The Trans-Tasman travel bubble offers a rare good news story for air travel in the region, but don’t expect a spate of similar arrangements to follow.

From one perspective, the Australia-New Zealand travel bubble marks a turning point. For well over a year New Zealand has been all but entirely cut off from its near neighbour, but today’s opening marks a return to normality.

Sydney Harbour Bridge

Source: Greg Waldron/FlightGlobal

Yet, uncertainty remains. The Trans-Tasman bubble was first mooted nearly a year ago, but periodic Covid-19 outbreaks in Australia over the last 12 months kept it from becoming a reality. This despite the deep cultural ties between the two countries, and the fact that historic Covid-19 numbers for both are vanishingly low by Asia-Pacific standards.

The challenge over the coming months will come if Covid-19 decides to put in an appearance in one country or the other. Australian outbreaks over the Christmas season and more recently over Easter hammered the country’s airlines; Qantas recently said that the associated travel disruptions will cost it A$429 million ($332 million).

Canberra and Wellington have warned travellers that they could well end up stuck should the coronavirus flare up and Trans-Tasman travel is suspended. Politicians in both countries have demonstrated they will act aggressively at the first hint of an outbreak.

This wariness likely suggests that future bubbles with other Asian destinations are some distance away. In addition, the Trans-Tasman bubble means that both Canberra and Wellington will have a say – if not an outright veto – on each other’s potential partners.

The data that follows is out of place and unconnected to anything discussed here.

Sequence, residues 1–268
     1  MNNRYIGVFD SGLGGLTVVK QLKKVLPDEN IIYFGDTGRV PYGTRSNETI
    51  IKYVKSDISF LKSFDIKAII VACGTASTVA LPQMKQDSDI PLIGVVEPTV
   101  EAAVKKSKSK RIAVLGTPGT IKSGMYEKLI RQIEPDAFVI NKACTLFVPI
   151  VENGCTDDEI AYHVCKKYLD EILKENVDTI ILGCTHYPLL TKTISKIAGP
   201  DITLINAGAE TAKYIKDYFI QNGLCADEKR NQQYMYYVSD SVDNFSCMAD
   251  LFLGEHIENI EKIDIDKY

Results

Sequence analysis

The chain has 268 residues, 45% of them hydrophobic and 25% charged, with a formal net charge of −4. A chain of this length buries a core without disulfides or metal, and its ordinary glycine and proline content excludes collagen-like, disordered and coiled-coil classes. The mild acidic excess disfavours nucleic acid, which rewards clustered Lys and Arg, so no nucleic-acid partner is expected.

After the bubble’s opening, a reporter asked Australian deputy prime minister Michael McCormack about other bubbles, and if Singapore was first in the queue.

“We had preliminary discussions with the ministries of transport between the two countries,” he said.

“We’ve had those initial preliminary talks. So we’ll do it when the chief medical officer says that it’s right and proper and protocols are in place and it’s safe to do so. We’ve taken on board the best possible medical advice all the way through this pandemic. And that’s what’s kept Australians safe.”

Curiously, in his remarks he lumped the idea of a Singapore arrangement with the possibility of similar agreements with South Korea and Japan.

For Australia, Singapore would appear to make sense given the city state’s success in getting Covid-19 under control and a successful vaccine roll-out. According to data from the Johns Hopkins University, the country averages 25 cases a day – but these are virtually all imported and caught at the airport.

South Korea and Japan are a different story. The seven day moving average for new Covid-19 cases in South Korea is 643, while in Japan it is 4,140. Vaccine roll-outs lag in both.

Given the closeness between the two antipodean nations, the bubble might more accurately be described as a merging of two domestic markets. In an interview with Australian TV, Qantas chief executive Alan Joyce even said that New Zealand “is a little bit like domestic.”

He adds that he is still hopeful of more openings by the end of the year, but this of course depends on governments. Senior Australian officials have flatly stated that even vaccinations are no guarantee of such. 

While the Trans-Tasman bubble is good news in itself, it has been a long time coming and is still subject to the whim of Covid-19.

The fact that it is only happening now highlights the challenges Asia-Pacific governments will face in getting travel going again, particularly given the rising Covid-19 cases in several countries and faltering vaccine campaigns.